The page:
Poking fun at sales tax agreement

Poking fun at sales tax agreement

May 29th, 2011 by Staff Report in News

Chattanooga Councilwoman Deborah Scott spent about 45 minutes last week presenting a slide show about the city-county sales tax agreement on the day it expired.

Along with it, she delivered a few quips about how the city and county have been portrayed in trying - or not trying - to work out a new agreement. The city let the tax-sharing agreement lapse, to the county's dismay.

One slide showed a picture of a leisure suit from the 1970s.

"The sales tax agreement should go the way of the leisure suit," she said. "It just doesn't fit anymore."

Another slide showed a spitball coming out of a straw.

"A spitball fight is pretty much what the city and county have had over the sales tax issue," she said.

She rounded out the show with a picture of two bulls locked in combat.

"This is a picture of Mayor [Ron] Littlefield and Mayor [Jim] Coppinger discussing the sales tax agreement," she said.

Optimists honor Kimsey

The Optimist Club of Chattanooga recently honored Hamilton County Sheriff's Office Sgt. Mark Kimsey as part of its "Respect for Law" program.

"As a community, we are deeply indebted to those who choose a career of service in law enforcement," said Carolyn Tucker, president of the Scenic Chattanooga Optimist Club, in a news release. "These men and women serve as the frontline of protection for all of us, and we are proud to honor Sergeant Mark Kimsey of the Hamilton County Sheriff's Office."

Gary Behler, chairman of the club's Respect for Law Program, said Kimsey's "work in accident investigation and reconstruction is a most difficult and demanding job, which he performs with true professionalism."

Kimsey has worked at the sheriff's office since 1988.

The club's Respect for Law Program was initiated in 1965 to recognize local law enforcement officers for their service.

Traffic system grant gets nod

The City Council voted 9-0 Tuesday to spend $13.7 million in federal dollars to install an integrated traffic system throughout the city to help traffic flow problems.

City Traffic Engineer John Van Winkle told council members that the system will help integrate downtown traffic lights. Most lights will be linked to a main circuit board where operators can monitor and change lights at any time. In case of accidents, operators can divert traffic to other routes and post detour information on electronic signs.

Council members wanted to know who will pay for the system.

"How much is city revenue sources?" Councilwoman Deborah Scott asked.

"None of it," Van Winkle responded.

He said the system will be installed in phases over several years.

Emergency brush contract OK'd

The council also approved two emergency contracts to help clear brush and debris left by the April 27 tornadoes.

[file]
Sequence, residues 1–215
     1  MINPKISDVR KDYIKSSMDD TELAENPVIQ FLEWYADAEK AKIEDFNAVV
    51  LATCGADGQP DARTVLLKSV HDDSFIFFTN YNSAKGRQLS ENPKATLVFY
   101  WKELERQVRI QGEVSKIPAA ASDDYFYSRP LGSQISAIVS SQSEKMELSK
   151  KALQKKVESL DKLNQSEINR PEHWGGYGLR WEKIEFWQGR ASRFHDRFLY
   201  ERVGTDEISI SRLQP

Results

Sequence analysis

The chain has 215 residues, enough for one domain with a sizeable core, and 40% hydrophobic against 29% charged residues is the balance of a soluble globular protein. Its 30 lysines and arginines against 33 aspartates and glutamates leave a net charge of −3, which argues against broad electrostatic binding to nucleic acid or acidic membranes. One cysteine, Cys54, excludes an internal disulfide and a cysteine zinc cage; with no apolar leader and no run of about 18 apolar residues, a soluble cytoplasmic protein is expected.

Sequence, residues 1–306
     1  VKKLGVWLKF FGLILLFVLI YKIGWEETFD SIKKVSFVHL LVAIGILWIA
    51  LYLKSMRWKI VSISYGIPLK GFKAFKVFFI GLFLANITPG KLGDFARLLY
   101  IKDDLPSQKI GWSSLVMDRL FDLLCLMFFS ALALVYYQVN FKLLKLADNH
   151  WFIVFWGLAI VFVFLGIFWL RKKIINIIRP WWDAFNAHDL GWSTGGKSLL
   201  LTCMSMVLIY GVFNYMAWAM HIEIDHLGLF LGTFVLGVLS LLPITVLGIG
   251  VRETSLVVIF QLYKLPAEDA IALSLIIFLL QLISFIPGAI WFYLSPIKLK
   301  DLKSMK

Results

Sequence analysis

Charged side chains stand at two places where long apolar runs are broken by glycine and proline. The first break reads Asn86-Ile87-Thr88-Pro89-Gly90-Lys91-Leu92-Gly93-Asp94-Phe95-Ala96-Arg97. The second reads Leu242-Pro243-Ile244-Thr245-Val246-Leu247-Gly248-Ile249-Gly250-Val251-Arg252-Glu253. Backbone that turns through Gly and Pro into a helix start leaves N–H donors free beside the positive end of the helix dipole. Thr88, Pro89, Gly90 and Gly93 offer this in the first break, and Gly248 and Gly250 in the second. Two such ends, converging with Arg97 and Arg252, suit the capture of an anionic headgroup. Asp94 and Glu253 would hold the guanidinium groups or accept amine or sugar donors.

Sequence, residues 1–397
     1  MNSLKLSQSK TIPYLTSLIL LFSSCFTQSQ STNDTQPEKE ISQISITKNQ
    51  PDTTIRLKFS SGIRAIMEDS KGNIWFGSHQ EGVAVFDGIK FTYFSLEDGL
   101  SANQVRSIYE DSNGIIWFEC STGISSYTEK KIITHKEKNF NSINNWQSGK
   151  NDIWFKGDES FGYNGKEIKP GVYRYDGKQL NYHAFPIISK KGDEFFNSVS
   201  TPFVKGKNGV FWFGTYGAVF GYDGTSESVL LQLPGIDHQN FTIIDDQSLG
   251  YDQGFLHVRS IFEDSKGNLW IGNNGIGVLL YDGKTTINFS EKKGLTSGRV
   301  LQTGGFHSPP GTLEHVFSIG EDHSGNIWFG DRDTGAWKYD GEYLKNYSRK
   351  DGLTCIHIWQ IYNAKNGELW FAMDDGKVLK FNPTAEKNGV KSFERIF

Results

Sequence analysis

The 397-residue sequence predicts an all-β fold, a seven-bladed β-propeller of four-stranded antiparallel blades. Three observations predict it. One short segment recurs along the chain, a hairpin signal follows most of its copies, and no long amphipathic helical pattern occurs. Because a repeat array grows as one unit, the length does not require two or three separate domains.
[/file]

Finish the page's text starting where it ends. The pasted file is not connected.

The contracts are with True North Emergency Management LLC for $300,000 and Debris Removal Collection LLC for $750,000.

Tony Boyd, assistant director for citywide services, said more than 50,000 cubic yards of debris have been picked up, but more than 220,000 cubic yards remain.

He estimated it would take public works crews 16 weeks to clear the mess. Hiring emergency crews will mean the clearing can be done much more quickly, he said.

Board sidesteps open meetings

When Hamilton County Board of Education members voted to buy out Superintendent Jim Scales' contract Thursday, they spent much of the meeting grilling their attorney, Scott Bennett, about how the buyout talks even started.

"The board didn't authorize this request," said board member George Ricks. "I can't recall voting for this."

Scales announced the buyout agreement May 10 and said board members initiated the talks in February.

Bennett said he was told by then-Chairman Everett Fairchild to initiate talks. After Fairchild's call, Bennett said, board member Mike Evatt gave him the same direction.

He then called every board member except Jeffrey Wilson and Ricks to inform them of the negotiations.

"That was entirely in keeping with the practices and policies here in Hamilton County," Bennett said. "For the board to have voted on this, and then have the superintendent say that he was not interested in a buyout, would have been potentially damaging to his authority as a leader."

The one-on-one consultations also skirted Tennessee open meetings laws, which bar board members from talking about official business or lobbying for votes outside a called meeting.

Board members on Thursday appointed longtime Deputy Superintendent Rick Smith as an interim replacement. He takes over June 10, the day Scales steps down.

Ramsey takes pass on sales tax

Though Chattanooga Mayor Ron Littlefield told the Hamilton County Commission and then-County Mayor Claude Ramsey about the expiration of the sales tax agreement at last year's budget hearings, it's unclear if Ramsey did anything about it.

The end of the agreement is causing current County Mayor Jim Coppinger to consider drastic funding cuts to the Chattanooga-Hamilton County Health Department. The county stands to lose $10.5 million in revenue.

The expiration date of May 23 had been in place for years. While attending the official opening of the VW plant Wednesday, Ramsey was asked why the agreement wasn't renewed before he left in January to join Gov. Bill Haslam's administration.

Ramsey declined to answer the question, saying he's no longer in county government.

Sobriety checkpoints

The Tennessee Highway Patrol announced it will set up sobriety checkpoints in Hamilton County on June 10. The checkpoints are contingent upon manpower and weather, according to a released statement.

Compiled by staff writers Cliff Hightower, Dan Whisenhunt, Mike Pare and Adam Crisp.